In November 2010, the Department of Defense hosted TEDxPentagon, a first-of-its kind event held at the U.S. Navy Memorial in Washington, DC. Dynamic speakers from all over the world joined TEDxPentagon to share their personal experiences with the military. In the coming weeks, I’ll be posting the science and technology related videos for those who were unable to watch the event live.
In the first video, LTG Benjamin Freakley, U.S. Army Accessions Commander, discusses the modern military servicemember and the future of military recruiting.
Feel free to let me know what you think in the comment section!
Keynote speakers often are selected for their ability to convey policy or because they hold a position of power and prestige. At the most recent Joint Army Navy NASA Air Force Subcommittee Meeting in Orlando, Fla., we had a keynote speaker who held enough power in her hands to level an entire city block…literally.
Melissa Milani, a decorated Naval Explosive Ordnance Technician from Indian Head, Md., gave a captivating presentation on her past role in Explosive Ordnance Disposal. The Bronze Star recipient also touched on how her organization’s work impacted the Department of Defense (DOD) community.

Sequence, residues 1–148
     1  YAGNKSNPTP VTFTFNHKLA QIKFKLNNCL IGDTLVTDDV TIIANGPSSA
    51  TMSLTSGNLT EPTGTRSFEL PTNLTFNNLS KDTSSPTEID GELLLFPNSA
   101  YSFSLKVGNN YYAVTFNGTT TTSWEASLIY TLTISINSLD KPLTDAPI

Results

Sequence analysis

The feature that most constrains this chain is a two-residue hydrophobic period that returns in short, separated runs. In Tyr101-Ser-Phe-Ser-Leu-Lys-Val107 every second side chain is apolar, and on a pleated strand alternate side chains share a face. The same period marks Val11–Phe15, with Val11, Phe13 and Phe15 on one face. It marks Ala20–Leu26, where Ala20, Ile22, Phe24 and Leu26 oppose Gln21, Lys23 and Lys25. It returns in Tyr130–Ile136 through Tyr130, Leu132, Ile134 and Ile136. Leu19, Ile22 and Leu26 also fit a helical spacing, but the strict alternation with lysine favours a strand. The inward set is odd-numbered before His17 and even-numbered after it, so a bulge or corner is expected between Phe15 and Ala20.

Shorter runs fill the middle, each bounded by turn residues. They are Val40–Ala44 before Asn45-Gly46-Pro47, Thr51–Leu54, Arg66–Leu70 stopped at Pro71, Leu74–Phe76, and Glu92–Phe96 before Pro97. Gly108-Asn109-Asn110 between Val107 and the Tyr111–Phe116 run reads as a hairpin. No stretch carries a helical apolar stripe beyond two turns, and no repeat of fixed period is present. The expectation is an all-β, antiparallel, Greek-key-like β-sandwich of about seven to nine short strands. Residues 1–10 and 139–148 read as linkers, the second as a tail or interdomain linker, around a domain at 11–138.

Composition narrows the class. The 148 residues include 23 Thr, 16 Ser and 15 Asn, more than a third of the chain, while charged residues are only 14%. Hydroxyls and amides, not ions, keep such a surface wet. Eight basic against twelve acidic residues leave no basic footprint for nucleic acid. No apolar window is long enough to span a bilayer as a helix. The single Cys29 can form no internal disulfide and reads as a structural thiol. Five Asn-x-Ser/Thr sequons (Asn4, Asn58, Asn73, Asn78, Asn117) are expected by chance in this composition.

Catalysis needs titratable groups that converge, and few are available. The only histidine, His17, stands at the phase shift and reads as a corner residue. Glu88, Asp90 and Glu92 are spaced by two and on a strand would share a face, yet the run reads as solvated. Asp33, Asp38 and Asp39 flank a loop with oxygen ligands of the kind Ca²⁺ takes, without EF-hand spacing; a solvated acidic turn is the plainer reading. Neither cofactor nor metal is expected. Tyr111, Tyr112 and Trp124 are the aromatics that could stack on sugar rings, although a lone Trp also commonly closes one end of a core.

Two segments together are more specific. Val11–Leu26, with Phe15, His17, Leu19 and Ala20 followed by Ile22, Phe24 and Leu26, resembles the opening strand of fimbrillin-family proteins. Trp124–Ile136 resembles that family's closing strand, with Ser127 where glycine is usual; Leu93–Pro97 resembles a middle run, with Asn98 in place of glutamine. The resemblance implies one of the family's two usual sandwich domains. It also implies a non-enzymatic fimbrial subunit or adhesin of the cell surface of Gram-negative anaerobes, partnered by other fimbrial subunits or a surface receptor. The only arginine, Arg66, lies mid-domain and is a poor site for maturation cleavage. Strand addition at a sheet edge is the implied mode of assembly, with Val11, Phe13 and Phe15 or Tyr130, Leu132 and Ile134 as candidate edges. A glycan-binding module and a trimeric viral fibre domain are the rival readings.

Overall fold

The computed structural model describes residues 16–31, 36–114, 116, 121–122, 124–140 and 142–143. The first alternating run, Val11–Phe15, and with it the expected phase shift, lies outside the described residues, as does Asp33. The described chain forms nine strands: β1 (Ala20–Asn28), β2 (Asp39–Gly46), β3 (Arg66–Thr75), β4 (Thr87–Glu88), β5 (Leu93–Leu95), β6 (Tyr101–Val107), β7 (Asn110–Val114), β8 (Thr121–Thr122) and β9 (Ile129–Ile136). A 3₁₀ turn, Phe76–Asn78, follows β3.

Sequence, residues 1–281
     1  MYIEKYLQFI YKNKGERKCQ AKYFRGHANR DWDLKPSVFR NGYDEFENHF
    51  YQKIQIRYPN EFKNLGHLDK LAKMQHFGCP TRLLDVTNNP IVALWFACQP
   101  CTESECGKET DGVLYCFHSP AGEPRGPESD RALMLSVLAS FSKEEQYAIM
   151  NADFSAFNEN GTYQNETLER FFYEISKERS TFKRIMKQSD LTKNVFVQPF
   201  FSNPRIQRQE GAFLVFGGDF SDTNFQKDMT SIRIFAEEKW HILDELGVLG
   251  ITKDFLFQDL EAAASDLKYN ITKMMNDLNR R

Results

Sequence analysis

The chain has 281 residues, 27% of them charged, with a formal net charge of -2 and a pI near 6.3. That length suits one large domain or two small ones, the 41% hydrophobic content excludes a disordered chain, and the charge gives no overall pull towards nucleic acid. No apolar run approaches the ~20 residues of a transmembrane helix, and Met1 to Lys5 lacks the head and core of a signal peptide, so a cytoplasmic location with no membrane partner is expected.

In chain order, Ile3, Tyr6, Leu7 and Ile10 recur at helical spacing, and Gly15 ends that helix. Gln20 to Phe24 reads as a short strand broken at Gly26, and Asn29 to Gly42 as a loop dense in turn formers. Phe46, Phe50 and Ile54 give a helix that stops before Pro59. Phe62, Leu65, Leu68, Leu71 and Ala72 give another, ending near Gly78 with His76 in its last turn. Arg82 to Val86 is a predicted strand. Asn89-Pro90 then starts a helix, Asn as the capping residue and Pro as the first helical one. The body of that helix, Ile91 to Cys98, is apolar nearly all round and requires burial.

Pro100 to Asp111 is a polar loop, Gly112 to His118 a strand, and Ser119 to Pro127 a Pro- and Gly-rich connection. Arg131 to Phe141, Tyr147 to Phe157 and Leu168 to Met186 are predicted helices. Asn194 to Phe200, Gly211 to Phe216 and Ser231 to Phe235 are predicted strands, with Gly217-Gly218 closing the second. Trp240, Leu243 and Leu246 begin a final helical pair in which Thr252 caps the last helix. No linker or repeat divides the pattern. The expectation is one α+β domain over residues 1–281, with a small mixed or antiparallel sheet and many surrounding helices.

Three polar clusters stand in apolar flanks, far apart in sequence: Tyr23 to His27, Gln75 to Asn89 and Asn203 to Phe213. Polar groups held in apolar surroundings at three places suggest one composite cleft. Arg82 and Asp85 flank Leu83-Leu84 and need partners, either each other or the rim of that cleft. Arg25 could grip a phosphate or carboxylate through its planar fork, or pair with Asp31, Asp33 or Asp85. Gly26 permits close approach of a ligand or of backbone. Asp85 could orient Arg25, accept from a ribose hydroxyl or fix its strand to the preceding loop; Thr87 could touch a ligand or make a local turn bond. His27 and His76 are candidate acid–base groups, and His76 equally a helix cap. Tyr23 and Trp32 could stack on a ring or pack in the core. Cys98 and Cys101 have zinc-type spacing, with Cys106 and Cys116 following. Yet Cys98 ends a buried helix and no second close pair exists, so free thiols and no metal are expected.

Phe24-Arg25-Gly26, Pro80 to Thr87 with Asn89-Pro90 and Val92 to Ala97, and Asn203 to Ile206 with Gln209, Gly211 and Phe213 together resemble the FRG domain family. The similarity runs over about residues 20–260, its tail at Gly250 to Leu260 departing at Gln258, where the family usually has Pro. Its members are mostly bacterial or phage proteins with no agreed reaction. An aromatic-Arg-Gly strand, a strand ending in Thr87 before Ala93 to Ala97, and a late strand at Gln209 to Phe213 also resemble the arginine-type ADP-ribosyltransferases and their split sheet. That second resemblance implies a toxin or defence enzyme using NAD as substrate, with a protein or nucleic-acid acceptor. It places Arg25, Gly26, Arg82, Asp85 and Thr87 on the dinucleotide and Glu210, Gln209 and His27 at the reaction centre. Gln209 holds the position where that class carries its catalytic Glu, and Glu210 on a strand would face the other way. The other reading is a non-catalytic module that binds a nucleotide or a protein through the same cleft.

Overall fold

Just like a Hollywood movie, Melissa’s words and stories were explosive, brought to life by a video of a captured enemy munitions disposal. However, it was her ability to connect with the audience that will be most remembered. This particular audience was filled with propellant chemists and engineers who have the job of developing better and safer munitions for the warfighter. It was clear that her skill and dedication during deployments in Kosovo and Iraq made the battlefield a safer place for US troops and civilians.
Nanometer-sized gold and silver disks are arranged like barcodes and can be observed as signal in a microscope. (Photo: Mirkin Lab)
Kyle Osberg is a fourth-year student working towards a PhD in Materials Science and Engineering. He is originally from Houston, TX.
Researchers and students at Northwestern University have developed a new way to look for chemical and biological agents using miniaturized detectors that work at nanoscale dimensions. The research is being done in the laboratory of Dr. Chad Mirkin, a National Security Science and Engineering Faculty Fellow (NSSEFF) funded by the Department of Defense. NSSEFF supports world-class faculty members and their development of the next generation of leading scientists.